How-to Guide: Redirects and htaccess

By Bret Fencl, Fencl Web Design

Every time you turn around another article on the Internet tells you to make a 301 redirect for the obsolete pages on your website. The problem is that most of these articles do not explain how to make a proper redirect.
First Check for a .htaccess File
Check to see if you have a .htaccess file in the main directory of your website. The base directory for a website is usually called something like htdocs, httpdocs, www or public, and is the file where your home index page resides.
On many servers the .htaccess file may be hidden from FTP software, so you will want to try accessing it through your Web hosting file manager. If you still cannot find a .htaccess file, then check with your Web hosting company to make sure you do not overwrite it, which could damage your Web hosting or site.
If you find the .htaccess file, make sure you save a backup copy before making any changes to it.
Creating a .htaccess File
If you do not have a .htaccess file you will need to create one.
This is a basic text file and does not have any extension on the end of it. Simply create a new text file and name it .htaccess and save the file starting with a period(.).
Once you upload this file to your server it may become hidden or disappear. But don’t worry, it will still function properly.
Creating a 301 Redirect
A 301 redirect is used to send a visitor that was trying to access an outdated page of your website to the new page. This also assists many search engine bots in finding the new page and dropping the old page from the index.

The command you would use in your .htaccess file is simply:
redirect 301 oldpage.html newpage.html
You may also use the same method to redirect visitors from an old file to a new page.
redirect 301 /oldfile/ newpage.html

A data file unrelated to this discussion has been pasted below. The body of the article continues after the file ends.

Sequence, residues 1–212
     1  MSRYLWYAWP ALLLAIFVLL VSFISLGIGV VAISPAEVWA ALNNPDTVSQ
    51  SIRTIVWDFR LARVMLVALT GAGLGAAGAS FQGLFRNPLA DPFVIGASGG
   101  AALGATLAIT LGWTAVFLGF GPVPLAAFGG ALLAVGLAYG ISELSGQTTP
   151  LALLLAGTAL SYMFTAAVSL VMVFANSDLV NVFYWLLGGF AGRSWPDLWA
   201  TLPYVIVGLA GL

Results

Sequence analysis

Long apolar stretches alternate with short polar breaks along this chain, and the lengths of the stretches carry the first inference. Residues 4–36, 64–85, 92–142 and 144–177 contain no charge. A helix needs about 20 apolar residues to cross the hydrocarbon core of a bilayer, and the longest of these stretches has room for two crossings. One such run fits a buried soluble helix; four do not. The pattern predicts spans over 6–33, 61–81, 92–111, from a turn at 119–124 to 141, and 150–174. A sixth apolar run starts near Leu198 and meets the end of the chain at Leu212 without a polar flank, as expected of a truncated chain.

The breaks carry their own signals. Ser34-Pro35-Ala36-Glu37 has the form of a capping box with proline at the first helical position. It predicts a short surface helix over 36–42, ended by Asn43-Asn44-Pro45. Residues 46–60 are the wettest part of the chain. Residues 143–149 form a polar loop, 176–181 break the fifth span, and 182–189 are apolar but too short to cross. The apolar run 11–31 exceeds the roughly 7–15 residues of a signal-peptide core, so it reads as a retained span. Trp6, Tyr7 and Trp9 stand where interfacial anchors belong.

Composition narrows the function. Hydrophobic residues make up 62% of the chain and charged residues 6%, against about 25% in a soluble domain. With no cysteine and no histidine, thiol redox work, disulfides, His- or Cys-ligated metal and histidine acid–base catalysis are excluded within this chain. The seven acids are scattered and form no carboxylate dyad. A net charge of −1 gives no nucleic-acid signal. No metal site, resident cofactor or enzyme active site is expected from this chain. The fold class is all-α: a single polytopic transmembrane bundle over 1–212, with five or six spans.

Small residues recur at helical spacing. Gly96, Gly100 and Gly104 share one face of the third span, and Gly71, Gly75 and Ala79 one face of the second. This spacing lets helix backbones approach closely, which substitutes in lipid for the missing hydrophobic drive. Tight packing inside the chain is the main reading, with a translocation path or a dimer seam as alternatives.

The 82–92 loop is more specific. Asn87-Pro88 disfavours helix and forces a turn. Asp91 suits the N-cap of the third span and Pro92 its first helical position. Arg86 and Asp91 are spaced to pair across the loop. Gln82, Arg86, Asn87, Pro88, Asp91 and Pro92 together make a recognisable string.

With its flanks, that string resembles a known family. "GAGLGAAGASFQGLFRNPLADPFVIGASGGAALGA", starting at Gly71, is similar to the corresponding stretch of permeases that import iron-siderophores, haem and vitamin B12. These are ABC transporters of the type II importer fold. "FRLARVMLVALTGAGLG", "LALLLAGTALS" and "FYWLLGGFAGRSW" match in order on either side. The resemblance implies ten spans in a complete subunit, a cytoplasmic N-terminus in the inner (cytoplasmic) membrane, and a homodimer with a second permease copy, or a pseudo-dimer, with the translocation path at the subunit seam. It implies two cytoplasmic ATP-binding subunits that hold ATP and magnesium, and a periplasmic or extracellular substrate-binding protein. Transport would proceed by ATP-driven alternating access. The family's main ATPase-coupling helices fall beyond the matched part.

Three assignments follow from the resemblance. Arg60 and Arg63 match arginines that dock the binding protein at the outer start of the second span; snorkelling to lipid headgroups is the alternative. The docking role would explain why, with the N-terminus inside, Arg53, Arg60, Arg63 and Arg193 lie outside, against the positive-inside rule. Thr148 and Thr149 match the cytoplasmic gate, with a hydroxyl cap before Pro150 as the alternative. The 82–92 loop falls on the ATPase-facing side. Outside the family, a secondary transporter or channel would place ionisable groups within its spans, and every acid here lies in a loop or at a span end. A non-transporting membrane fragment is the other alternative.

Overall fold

Creating a 302 Redirect
A 302 redirect is used much the same as a 301 redirect but the difference is that it tells the search engine bots that this move is only temporary and the old page will be returning soon. This is particularly useful for retailers who may have run out of a product and will have it back in stock in a week so you temporarily point the page to a similar product to avoid losing sales.
For a 302 redirect, simply enter this code into your .htaccess file:
redirect 302 oldpage.html temporarypage.html
Creating a Mod Rewrite
Sometimes you can simply make a redirect by rewriting the name of a new page in the same file directory of a website without actually changing the page name your visitor’s access. You need to check with your Web host to see if they allow mod rewrite — many Web hosting companies do.
For example, you have a product that you want to advertise on your website and send to your customers in an email newsletter. A long web address may break when you email a URL such as: http://www.example.com/index.php?cart=98234&id=4593921
Another need for this situation is that it may make it easier to explain the Web address over the phone or write it down for someone on the fly.

The above URL could be shortened to:
http://www.example.com/widget.php
Here is the .htaccess command for a Mod Rewrite on a URL:
Options +FollowSymLinks
RewriteEngine on
RewriteRule widget.php index.php?cart=98234&id=4593921

Redirects are important for websites to remain up-to-date and for the search spiders to consistently index fresh content. While this is simply a primer to .htaccess and redirects, and you may have to try a little experimenting, soon you will learn fun new uses for redirects and mod rewrite and make sure that your site never appears outdated.

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4 thoughts on “How-to Guide: Redirects and htaccess

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